Manchester City might be running away at the top of the Premier League – they’re just two wins from clinching the title – but there’s a strong case to be made that Burnley have, so far, been the success story of the 2017/18 season.
Sean Dyche’s side may have fallen away from their high of fourth place in December, but the Clarets are still enjoying an exceptional campaign. And it’s not entirely beyond the realms of possibility that Burnley might finish the season in the top six, with just five points separating them and Arsenal in the table.
Dyche has, rightly, received credit for one of the best coaching jobs the Premier League has seen in several years, and a number of his players have been hailed too.
Nick Pope and James Tarkowski have received England call-ups, while Ben Mee and Jack Cork couldn’t have been far away either. Ashley Barnes is another who is receiving interntional recognition after dismantling West Ham United last weekend.
But one player whose contribution hasn’t been noted by the masses is Jóhann Berg Guðmundsson.
The Icelander has been a key member of Dyche’s first team since October, and has held down his position since he was brought into the fold.
But while Guðmundsson might not have been handed any awards, or even discussed on Match of the Day, his contribution has piqued the interest of Leicester City, Newcastle United and Southampton, who are reported to be weighing up a £20million move for the Burnley man this summer.
So which of the trio mentioned needs him most? And how big a blow would the departure of the 27-year-old be to Burnley? Would Dyche struggle to replace him at Turf Moor? And would £20 million be a fair price for the former Charlton Athletic man? We have attempted to answer all those questions.
This season Guðmundsson has been predominantly used on the right side of a 4-4-2 formation. He has occasionally been deployed on the opposite flank of the same system, but there’s no doubt where Dyche believes the Icelander to be best.
At Leicester there currently isn’t a place for Guðmundsson in their starting line-up. However, there soon could be if Riyad Mahrez finally gets his wish and leaves the King Power Stadium in the summer.
Mahrez has averaged 0.92 open play key passes per 90 in the Premier League this season, while Guðmundsson has averaged 0.89. And the Leicester winger has an xA of 4.93 for the campaign compared to the Burnley man’s 2.06.
The Algerian is also more of a goal threat than his Burnley counterpart, with 2.44 scoring attempts per 90 to 1.75.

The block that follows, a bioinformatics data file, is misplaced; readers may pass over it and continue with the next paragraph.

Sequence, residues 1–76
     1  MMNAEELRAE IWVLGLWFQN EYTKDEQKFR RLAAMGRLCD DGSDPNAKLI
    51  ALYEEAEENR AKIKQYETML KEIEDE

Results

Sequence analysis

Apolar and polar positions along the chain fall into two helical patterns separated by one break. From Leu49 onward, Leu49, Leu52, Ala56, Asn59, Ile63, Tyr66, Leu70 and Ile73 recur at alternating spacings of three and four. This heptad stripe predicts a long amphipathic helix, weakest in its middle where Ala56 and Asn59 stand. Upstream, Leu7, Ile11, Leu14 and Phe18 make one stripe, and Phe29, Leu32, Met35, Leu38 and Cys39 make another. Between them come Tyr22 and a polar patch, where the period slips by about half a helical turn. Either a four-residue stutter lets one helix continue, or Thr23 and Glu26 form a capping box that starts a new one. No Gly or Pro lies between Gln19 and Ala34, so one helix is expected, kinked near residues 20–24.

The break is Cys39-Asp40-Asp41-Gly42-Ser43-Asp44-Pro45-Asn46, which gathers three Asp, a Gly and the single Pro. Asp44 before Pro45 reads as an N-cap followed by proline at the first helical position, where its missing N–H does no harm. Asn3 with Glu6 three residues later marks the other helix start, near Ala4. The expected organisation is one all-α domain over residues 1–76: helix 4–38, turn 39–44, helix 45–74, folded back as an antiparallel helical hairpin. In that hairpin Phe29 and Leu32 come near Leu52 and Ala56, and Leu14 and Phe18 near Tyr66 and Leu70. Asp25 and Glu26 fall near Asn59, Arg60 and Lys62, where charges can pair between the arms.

However, Dyche demands greater defensive work from his wide players than Claude Puel, which is why Guðmundsson does make more tackles than Mahrez (1.55 to 1.20) and interceptions (1.20 to 0.68) per 90.
Burnley also have less of the ball on average compared to Leicester, so it’s not a shock Guðmundsson isn’t as threatening as Mahrez.
Stylistically, however, they aren’t worlds apart and it’s easy to see why Leicester would line up the Icelander as contingency plan if Mahrez leaves. He may not possess the same raw quality, but he could certainly fill a gaping hole that would be left.
At Newcastle, Guðmundsson might be required to be more of an out-and-out attacker. Rafael Benitez has often employed a 4-2-3-1 shape this season, with Christian Atsu and Matt Ritchie used as inside forwards as much as wingers.
But comparing Newcastle’s current options with Guðmundsson through measurements such as key passes and crosses, the Burnley man comes out shining once again.
Then there’s Southampton. Of course, it’s unlikely Guðmundsson would be keen on a move to St Mary’s should the Saints suffer relegation – at 27 years old he won’t want to spend the best years of his career in the Championship.
Of course, it’s possible Guðmundssonn simply chooses to stay where he is. The Icelander’s exit would be harshly felt at Turf Moor and, in the skewed world of modern football, £20million is no longer a game-changer figure for a club like Burnley.
He is one of Burnley’s best passers of the ball, one of their best dribblers and carries a goal threat that eases the burden on the likes of Barnes and Robbie Brady. He is a facilitator. He makes others around him better and so taking him out of the equation would have a knock-on effect at Burnley.
It says volumes about just how well Guðmundsson is playing that he seemingly has so many options this summer. He has been a quiet hero in Burnley’s success story, it would be disappointing for the club’s fans if he were to move on and become the villain.